A Really Bad Idea

We learned last week that CVS, which sells prescription drugs but is far more interested in selling you mixed nuts (Gold Emblem Deluxe Mixed Nuts, Lightly Salted, 18 ounces, now on sale for $8.99), cheap perfume (Charlie White by Revlon Eau, De Toilette Spray, 3.4 ounces, now $9.99), laundry detergent (Tide Pods Detergent, Spring Meadow, $6.99), and toilet paper (Charmin Ultra Strong Toilet Paper, four rolls for $4.99), has decided to get into the health insurance biz by purchasing Aetna, one of the biggest health insurers in the country.

The Curmudgeon thinks this is a really bad idea.

The people who can’t even figure out how to have in stock everything in their weekly sales circulars think they’re smart enough to run a health insurance company?

The folks who staff their “Minute Clinics” with nurse practitioners instead of doctors, like most other urgent care centers, think they have any insight at all on how to care for sick people?

The folks who send you texts reminding you to pick up refills of prescriptions you haven’t needed in more than a year think they can keep track of anything more complicated than their inventory of razor blades, deodorant, and toothpaste?

The people who hang signs that say “Free flu shots today” when those shots are in no way free for many customers because they understand so very little about health insurance?

The folks who will record your purchase of a 25-cent pack of gum on a cash register receipt longer than your arm?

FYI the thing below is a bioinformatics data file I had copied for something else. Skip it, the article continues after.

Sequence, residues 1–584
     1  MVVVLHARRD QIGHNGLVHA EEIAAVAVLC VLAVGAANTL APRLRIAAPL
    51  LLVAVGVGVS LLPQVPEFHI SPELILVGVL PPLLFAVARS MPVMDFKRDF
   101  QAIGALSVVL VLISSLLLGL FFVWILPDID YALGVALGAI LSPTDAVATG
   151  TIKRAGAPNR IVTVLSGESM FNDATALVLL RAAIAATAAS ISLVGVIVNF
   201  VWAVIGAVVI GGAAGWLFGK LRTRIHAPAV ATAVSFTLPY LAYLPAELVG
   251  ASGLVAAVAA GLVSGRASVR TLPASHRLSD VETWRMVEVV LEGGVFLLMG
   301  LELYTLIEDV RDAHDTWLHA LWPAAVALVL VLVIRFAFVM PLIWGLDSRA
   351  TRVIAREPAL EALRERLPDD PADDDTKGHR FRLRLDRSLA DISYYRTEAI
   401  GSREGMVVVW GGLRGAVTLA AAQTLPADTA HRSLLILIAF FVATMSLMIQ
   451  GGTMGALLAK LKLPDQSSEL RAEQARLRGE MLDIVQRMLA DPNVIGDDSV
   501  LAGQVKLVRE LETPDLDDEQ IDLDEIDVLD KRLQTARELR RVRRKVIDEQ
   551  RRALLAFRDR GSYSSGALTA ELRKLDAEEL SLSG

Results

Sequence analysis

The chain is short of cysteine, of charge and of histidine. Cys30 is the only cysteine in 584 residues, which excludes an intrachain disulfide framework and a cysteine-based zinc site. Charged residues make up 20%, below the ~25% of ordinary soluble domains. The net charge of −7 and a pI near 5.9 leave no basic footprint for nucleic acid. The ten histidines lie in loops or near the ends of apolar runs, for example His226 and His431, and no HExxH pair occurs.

The people who tell you they’re out of the medicine you’ve just been prescribed when you’re sick and can have it for you in three days and then, when you ask them if it might be available at one of their other stores, just a three-minute drive away, look at you like you’re the smartest person they’ve ever met in their lives?

No, this is not a good idea. There is no one at CVS smart enough to run a health insurance company. Shoot, they can’t even keep in stock those little cards telling you that you have to go to the pharmacy counter to buy a small package of Sudafed (as The Curmudgeon discovered himself two Saturdays ago, around midnight).

CVS ought to stick to doing what it does best – okay, what it does with a modicum of effectiveness: selling tampons and condoms. It should leave real health care to the grown-ups.

P.S. After The Curmudgeon wrote everything above and posted it to appear today he received a phone call from CVS informing him that his prescription needed to be ordered and would not be available for several days (and by the way, how many days are there in “several”?). He visited the store and spoke to a clerk, who confirmed that the medicine was not in stock and, after some prodding, asked him whether he wanted the brand name or generic and agreed to call another store to check on its availability. She returned after several minutes and asked him the brand name/generic question again and then placed a second call to that same other store. After 30 exasperating minutes another clerk who had been eavesdropping on the conversation disappeared into the shelves and came back seconds later with the medicine in question in her outstretched. It had been there all along.

The Curmudgeon rests his case.

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